The pilot who fell unconscious last week during a flight landed by a passenger with no idea how to fly a plane has made a recovery that his doctor is calling "a miracle."
The ability of passenger Darren Harrison, 39, to successfully land a Cessna 208 that was in a nosedive over Florida not only saved all three people on board from crashing, it gave doctors a chance to save the pilot.
Harrison landed the plane at Palm Beach International Airport, where emergency personnel then rushed the pilot to St. Mary’s Medical Center before he was transferred to Palm Beach Gardens Medical Center.
The pilot, whose name has not been released, is now out of the hospital and resting at home after he underwent surgery for an aortic dissection, according to the hospital. An aortic dissection is a life-threatening emergency in which a tear occurs in the inner layer of the body’s main artery.
Dr. Nishant Patel, a cardiothoracic surgeon at Palm Beach Gardens Medical Center who treated the pilot, outlined how long the odds were that the man would survive the landing, the trips to the two hospitals and then the surgery.
"Fifty percent of patients won’t make it to the hospital, and then 50% of patients that do make it to the hospital will pass away within 24 hours without prompt diagnosis and treatment," Patel said on TODAY Tuesday.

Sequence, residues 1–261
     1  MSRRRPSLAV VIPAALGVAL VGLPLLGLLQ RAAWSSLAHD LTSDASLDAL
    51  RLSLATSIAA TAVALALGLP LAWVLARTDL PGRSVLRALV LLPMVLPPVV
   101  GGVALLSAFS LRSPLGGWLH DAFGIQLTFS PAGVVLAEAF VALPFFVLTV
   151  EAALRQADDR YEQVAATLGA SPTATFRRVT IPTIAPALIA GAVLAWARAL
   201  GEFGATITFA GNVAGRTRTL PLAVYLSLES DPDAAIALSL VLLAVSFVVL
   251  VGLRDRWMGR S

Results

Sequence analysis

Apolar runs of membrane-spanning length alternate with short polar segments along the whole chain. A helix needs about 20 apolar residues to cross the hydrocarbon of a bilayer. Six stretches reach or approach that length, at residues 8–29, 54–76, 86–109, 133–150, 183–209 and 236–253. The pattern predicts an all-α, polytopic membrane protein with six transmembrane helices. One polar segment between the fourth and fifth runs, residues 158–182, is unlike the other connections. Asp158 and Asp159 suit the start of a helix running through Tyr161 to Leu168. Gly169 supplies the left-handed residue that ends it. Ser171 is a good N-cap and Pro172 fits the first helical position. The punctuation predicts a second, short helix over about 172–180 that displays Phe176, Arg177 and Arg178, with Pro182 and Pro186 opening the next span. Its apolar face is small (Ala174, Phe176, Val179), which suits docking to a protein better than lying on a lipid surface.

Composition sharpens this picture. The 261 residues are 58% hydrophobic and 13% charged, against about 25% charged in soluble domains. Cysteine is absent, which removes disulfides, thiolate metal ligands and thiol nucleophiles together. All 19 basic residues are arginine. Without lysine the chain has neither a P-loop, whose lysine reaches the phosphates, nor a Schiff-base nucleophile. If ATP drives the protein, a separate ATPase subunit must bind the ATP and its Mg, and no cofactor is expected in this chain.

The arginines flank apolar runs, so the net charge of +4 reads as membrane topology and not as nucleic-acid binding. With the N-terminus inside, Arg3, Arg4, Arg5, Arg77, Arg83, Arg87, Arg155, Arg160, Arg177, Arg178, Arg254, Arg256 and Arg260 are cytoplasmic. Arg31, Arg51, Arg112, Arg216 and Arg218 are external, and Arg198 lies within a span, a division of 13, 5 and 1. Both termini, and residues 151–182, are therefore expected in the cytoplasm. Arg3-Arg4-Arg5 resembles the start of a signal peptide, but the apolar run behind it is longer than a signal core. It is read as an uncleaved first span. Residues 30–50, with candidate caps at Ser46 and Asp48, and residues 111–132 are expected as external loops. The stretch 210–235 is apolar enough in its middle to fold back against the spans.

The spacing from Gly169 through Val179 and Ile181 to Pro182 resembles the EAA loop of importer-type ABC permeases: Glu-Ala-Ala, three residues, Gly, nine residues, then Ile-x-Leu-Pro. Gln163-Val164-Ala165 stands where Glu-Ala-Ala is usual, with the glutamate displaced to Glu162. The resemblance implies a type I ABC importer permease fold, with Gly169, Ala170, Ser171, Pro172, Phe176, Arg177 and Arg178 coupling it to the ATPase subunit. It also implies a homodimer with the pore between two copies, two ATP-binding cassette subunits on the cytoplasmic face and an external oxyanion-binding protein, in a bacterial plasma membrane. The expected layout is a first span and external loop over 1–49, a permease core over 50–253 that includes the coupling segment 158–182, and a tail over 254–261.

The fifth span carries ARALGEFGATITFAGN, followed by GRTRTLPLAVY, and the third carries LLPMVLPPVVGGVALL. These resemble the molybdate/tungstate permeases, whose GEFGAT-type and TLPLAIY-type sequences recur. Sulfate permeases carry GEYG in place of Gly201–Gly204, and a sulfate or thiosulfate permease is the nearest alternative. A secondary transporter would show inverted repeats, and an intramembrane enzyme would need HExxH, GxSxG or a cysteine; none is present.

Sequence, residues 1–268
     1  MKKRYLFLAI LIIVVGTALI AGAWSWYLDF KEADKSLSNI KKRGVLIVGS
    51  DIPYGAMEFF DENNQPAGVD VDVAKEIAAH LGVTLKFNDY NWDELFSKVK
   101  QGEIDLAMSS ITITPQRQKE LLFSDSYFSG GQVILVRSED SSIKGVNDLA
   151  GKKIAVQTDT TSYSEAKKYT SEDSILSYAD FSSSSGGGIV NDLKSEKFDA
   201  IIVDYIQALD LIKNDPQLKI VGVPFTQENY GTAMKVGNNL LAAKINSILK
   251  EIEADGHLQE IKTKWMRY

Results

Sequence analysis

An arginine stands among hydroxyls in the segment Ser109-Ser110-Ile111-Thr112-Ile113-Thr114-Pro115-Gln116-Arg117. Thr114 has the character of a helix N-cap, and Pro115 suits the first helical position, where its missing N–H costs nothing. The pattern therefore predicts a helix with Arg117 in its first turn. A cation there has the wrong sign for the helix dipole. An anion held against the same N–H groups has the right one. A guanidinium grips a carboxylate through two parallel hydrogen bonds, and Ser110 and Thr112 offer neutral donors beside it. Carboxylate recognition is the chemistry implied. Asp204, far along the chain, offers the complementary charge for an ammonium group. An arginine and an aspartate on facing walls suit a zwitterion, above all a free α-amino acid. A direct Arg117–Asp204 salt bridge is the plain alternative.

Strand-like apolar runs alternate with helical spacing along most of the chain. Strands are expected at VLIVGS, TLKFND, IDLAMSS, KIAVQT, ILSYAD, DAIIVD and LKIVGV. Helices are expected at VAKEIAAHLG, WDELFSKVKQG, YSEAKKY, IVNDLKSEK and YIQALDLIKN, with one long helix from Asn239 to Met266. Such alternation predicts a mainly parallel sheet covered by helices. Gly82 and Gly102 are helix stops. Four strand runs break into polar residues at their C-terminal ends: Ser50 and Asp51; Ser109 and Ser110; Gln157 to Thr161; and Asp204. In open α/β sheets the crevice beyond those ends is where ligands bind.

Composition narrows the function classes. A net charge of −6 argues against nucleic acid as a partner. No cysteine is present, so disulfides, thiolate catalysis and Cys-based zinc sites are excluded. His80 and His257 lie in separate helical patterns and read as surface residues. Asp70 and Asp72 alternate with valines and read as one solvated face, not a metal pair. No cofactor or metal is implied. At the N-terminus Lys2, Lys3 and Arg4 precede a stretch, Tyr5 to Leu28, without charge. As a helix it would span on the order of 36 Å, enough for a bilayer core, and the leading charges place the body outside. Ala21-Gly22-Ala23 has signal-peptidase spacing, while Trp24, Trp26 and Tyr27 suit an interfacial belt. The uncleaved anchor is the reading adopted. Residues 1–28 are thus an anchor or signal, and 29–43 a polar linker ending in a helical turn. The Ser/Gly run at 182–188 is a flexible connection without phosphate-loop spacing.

The pilot was released from the hospital on Monday.
It's a "really quite miraculous recovery, miraculous story," Patel said.
Emergency personnel initially thought the pilot had potentially suffered a stroke before doctors at St. Mary's discovered a tear in his aorta, according to Patel. He was quickly transferred to the second hospital for emergency surgery.
"First thing he asked me (after the surgery) is, 'Doc, when am I going to go home?' which I thought was really quite amazing," Patel said. "Everything about this guy is just truly, truly amazing. He definitely understands everything that happened, and how severe the situation was on so many different levels before the hospital, in the operating room, and during recovery."
Patel said the pilot was in great health before the cardiac event and has already done "remarkably well" in his recovery.
Harrison, who had no previous flight experience, spoke in an exclusive interview with Savannah Guthrie about how he remained calm during the flight and the "scariest" moments during the entire ordeal.
He added that he has no interest in becoming a pilot and that his wife, who is expecting their first child in August, would put a stop to it anyway. Harrison is now trying to answer the deeper questions raised by his ordeal.
"I’m still looking for that and I’m sure it’ll come with time, but I do often think, 'Why me? Why did I not die?'" he said. "I’m sure I’ll get the answer one day, but yes, there’s a purpose behind it."